Editorial: Osteoarthritis as an autoinflammatory disease caused by chondrocyte-mediated inflammatory responses

Helsinki University Central Hospital, Helsinki, Finland. .
Arthritis & Rheumatology (Impact Factor: 7.76). 03/2012; 64(3):613-6. DOI: 10.1002/art.33451
Source: PubMed
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Available from: Gonçalo Barreto, Jan 19, 2015
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    • "Although the aetiology of synovitis has not been determined, inflammation triggers a cascade of events driven by inflammatory mediators, such as cytokines, chemokines, prostanoids, proteolytic enzymes and nerve and vascular growth factors—all of which are abundantly expressed in osteoarthritic joints—leading to enhanced cartilage turnover and matrix degradation. One potential recently proposed hypothesis suggests that OA is an auto-inflammatory disease during which traumatic and degenerative degradation of cartilage induces a reactive chondrocyte-mediated synthesis and release of proinflammatory mediators, which can cause pain and synovitis [28]. "
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    ABSTRACT: Objectives Osteoarthritis (OA) is the leading cause of musculoskeletal pain and functional disability worldwide affecting a growing number of individuals in western society. Despite various conservative and interventional treatment approaches the overall management of the condition is problematic and pain – the major clinical problem of the disease – remains sub-optimally controlled. The objectives of this review are to present the pathophysiologic mechanisms underlying the complexity of pain in OA and to discuss the challenges for new treatment strategies aiming to translate experimental findings into daily clinical practice. Methods Narrative literature review of studies investigating the existence of a neuropathic component in OA pain. We searched PubMed, Embase and Scopus for English language publications. A hand-search of reference lists of relevant studies was also performed. Results Recent advances have shed additional light on the pathophysiology of osteoarthritic pain highlighting the contribution of central pain pathways together with the sensitization of peripheral joint receptors and changes of the nociceptive process induced by local joint inflammation and structural bone tissue changes. Thus a neuropathic pain component may be predominant in individuals with minor joint changes but high levels of pain refractory to analgesic treatment providing an alternative explanation for osteoarthritic pain perception. Conclusion A growing amount of evidence suggests that the pain in OA has a neuropathic component in some patients. The deeper understanding of multiple mechanisms of OA pain has led to the use of centrally acting medicines which may have a benefit on alleviating osteoarthritic pain. The ineffective pain management and the increasing rates of disability associated with OA mandate for change in our treatment paradigm.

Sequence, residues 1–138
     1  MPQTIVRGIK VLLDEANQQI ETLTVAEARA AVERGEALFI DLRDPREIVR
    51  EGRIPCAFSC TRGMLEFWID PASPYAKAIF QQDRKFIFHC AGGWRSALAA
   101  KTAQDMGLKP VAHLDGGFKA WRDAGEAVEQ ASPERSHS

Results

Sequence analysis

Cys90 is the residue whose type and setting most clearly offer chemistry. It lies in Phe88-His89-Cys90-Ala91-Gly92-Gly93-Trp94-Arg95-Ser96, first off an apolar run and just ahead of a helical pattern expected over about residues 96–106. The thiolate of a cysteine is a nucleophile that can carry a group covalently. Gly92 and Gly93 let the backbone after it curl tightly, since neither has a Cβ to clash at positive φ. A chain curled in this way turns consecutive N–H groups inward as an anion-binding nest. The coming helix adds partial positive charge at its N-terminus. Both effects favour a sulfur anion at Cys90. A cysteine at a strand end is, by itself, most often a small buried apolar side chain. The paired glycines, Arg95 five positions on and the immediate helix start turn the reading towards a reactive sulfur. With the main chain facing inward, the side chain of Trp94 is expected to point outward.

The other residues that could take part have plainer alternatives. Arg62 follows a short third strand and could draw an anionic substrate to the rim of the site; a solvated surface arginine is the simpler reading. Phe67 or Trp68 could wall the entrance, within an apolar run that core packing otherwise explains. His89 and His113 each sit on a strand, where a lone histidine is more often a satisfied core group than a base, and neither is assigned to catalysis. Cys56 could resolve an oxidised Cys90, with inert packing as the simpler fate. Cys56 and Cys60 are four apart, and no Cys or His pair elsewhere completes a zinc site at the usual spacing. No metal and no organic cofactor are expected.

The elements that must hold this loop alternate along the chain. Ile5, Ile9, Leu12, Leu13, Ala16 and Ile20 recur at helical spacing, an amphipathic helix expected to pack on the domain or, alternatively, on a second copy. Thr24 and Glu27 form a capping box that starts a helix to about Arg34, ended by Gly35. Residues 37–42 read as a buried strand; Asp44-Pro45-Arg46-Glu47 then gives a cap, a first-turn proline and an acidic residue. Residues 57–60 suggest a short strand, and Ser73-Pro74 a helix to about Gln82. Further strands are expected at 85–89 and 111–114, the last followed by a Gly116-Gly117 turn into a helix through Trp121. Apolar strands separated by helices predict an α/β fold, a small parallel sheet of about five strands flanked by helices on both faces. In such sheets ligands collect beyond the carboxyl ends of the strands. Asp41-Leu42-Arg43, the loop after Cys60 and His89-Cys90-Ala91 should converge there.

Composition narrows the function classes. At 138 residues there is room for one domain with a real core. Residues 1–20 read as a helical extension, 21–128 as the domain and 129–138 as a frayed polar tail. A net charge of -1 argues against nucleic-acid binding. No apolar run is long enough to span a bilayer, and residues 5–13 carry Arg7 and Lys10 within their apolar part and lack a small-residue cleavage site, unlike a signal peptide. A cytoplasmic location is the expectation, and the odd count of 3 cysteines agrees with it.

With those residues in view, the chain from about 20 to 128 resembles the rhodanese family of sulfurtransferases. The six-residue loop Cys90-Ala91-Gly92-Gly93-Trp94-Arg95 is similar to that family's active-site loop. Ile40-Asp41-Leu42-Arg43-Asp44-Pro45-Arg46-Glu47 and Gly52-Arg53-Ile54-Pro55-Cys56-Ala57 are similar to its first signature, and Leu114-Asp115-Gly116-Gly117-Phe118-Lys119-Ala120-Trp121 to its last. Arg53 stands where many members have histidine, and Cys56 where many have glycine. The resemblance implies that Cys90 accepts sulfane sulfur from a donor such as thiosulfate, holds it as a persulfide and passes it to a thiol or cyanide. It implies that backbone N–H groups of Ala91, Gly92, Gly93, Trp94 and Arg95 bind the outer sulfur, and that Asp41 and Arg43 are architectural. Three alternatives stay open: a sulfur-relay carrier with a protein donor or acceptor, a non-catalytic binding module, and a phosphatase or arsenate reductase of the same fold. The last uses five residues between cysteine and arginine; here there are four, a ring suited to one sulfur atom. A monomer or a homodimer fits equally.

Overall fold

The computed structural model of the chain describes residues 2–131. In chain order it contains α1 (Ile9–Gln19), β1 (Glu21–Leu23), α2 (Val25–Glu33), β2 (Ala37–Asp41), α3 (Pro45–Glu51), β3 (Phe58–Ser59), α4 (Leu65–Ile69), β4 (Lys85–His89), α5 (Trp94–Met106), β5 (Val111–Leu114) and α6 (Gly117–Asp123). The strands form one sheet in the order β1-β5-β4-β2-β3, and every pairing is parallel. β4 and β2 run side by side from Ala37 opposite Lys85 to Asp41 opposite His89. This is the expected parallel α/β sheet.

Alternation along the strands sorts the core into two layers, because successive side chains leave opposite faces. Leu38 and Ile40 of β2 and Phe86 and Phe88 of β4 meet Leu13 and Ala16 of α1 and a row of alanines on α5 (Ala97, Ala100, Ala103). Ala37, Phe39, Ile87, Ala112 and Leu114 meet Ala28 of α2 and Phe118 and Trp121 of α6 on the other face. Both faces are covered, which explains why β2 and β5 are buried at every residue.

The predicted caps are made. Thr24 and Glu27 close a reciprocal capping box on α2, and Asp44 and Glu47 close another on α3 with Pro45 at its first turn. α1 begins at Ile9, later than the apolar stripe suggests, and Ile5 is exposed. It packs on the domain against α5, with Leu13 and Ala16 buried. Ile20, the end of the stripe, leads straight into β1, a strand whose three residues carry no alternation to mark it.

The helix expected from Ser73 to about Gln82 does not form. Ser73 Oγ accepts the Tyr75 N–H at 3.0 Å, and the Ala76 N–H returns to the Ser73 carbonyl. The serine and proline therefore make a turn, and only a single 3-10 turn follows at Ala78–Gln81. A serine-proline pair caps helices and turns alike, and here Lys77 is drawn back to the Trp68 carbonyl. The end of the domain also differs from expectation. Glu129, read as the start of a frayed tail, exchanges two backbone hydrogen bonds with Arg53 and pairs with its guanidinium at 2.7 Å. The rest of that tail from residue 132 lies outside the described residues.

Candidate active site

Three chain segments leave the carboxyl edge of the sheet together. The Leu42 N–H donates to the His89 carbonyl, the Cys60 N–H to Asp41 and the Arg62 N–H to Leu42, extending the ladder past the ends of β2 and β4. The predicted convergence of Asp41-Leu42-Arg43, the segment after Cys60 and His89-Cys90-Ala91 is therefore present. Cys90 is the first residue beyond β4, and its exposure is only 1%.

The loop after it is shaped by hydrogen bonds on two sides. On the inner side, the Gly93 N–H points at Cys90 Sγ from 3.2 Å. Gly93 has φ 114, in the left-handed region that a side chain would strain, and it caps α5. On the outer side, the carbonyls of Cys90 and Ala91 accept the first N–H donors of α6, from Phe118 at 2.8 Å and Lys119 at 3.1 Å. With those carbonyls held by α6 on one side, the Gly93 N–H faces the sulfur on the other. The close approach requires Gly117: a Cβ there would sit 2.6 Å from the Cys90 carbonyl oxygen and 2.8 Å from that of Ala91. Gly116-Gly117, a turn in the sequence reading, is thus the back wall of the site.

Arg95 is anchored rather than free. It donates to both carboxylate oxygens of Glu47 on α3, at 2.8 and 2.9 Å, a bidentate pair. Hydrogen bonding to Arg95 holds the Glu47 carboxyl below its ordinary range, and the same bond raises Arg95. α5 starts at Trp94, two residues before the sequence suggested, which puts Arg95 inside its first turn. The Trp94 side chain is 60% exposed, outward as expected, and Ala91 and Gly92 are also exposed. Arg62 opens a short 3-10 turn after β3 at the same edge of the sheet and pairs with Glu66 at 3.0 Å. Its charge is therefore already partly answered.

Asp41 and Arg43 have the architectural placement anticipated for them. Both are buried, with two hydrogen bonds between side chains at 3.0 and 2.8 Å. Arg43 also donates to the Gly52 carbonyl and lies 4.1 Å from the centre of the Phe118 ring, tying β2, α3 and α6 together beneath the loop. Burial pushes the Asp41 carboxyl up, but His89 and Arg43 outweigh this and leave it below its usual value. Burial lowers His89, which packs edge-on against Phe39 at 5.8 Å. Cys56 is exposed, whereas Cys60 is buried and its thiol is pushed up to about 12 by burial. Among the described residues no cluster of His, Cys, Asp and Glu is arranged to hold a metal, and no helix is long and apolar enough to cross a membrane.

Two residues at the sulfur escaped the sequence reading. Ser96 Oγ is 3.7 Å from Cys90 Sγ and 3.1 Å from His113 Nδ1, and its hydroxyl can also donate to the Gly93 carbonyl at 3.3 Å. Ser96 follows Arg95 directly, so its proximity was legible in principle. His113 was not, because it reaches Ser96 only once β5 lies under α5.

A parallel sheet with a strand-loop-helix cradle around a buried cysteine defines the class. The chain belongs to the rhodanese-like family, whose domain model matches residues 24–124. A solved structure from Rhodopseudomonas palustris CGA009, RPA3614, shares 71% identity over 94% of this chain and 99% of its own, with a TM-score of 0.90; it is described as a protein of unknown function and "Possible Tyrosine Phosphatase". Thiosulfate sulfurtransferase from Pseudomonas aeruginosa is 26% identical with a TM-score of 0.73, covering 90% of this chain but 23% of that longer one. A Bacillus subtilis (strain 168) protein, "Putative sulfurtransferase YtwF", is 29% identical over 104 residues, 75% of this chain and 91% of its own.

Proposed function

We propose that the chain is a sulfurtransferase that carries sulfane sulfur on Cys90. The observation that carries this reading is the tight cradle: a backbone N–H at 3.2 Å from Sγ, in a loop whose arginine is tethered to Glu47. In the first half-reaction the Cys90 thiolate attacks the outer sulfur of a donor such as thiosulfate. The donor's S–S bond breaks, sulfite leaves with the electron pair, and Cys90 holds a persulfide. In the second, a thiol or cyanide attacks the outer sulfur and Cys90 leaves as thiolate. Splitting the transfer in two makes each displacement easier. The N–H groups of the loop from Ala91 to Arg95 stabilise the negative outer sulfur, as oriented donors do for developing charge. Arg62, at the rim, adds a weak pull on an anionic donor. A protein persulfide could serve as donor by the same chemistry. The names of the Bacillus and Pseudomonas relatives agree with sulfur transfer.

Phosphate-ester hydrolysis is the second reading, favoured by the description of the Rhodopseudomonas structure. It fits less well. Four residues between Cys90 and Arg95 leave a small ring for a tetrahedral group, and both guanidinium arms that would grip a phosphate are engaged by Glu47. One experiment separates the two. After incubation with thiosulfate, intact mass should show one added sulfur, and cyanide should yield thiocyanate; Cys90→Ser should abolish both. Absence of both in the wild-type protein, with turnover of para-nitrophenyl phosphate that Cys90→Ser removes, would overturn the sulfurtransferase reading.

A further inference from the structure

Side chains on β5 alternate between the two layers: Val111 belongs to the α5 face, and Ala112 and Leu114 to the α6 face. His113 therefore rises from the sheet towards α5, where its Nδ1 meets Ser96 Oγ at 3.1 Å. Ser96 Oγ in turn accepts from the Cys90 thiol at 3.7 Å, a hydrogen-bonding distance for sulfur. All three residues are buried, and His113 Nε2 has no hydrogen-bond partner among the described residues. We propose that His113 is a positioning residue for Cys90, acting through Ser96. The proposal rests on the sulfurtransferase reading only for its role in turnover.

Full-text · Article · Oct 2014 · Seminars in Arthritis and Rheumatism
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    • "The increased number of lining cells consists in synovial layers made of synovial fibroblasts and in a mixed inflammatory infiltrate containing macrophages, T cells, and B cells [23] [24] [25] [26] [27]. Macrophages drive inflammation and destructive response. "

    Full-text · Dataset · Aug 2014
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    • "A low grade of inflammation has been reported [8-10] in patients with OA, and slight or moderate elevations of inflammatory markers such as C-reactive protein (CRP) and erythrocyte sedimentation rate (ESR) have been described [8,11-15]. Recently, two cross-sectional studies have found an association between elevated inflammatory markers and lower muscle strength in patients with knee OA [6,7]. "
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    ABSTRACT: Introduction The aim of this study was to examine the associations of elevated serum C-reactive protein (CRP) and erythrocyte sedimentation rate (ESR) with change in muscle strength in patients with established knee osteoarthritis (OA), at 2 years. Methods Data from 186 patients with knee OA were gathered at baseline and at 2-year follow-up. CRP (in milligrams per liter) and ESR (in millimeters per hour) were measured in serum from patients’ blood. Strength of quadriceps and hamstrings muscles was assessed by using an isokinetic dynamometer. The association of inflammatory markers with change in knee muscle strength was analyzed by using uni- and multi-variate linear regression models. Results Patients with elevated CRP values at both baseline and 2-year follow-up exhibited a lower increase in knee muscle strength for a period of 2 years (β = -0.22; P = 0.01) compared with the group with non-elevated levels at both times of assessment. The association persisted after adjustment for relevant confounders. Elevated ESR values at both times of assessment were not significantly associated with change in knee muscle strength (β = -0.05; P = 0.49). Conclusions Our results indicate that elevated CRP values are related to a lower gain in muscle strength over time in patients with established knee OA. Although the mechanism to explain this relationship is not fully elucidated, these results suggest inflammation as a relevant factor influencing muscle strength in this group of patients.
    Full-text · Article · Jun 2014 · Arthritis Research & Therapy
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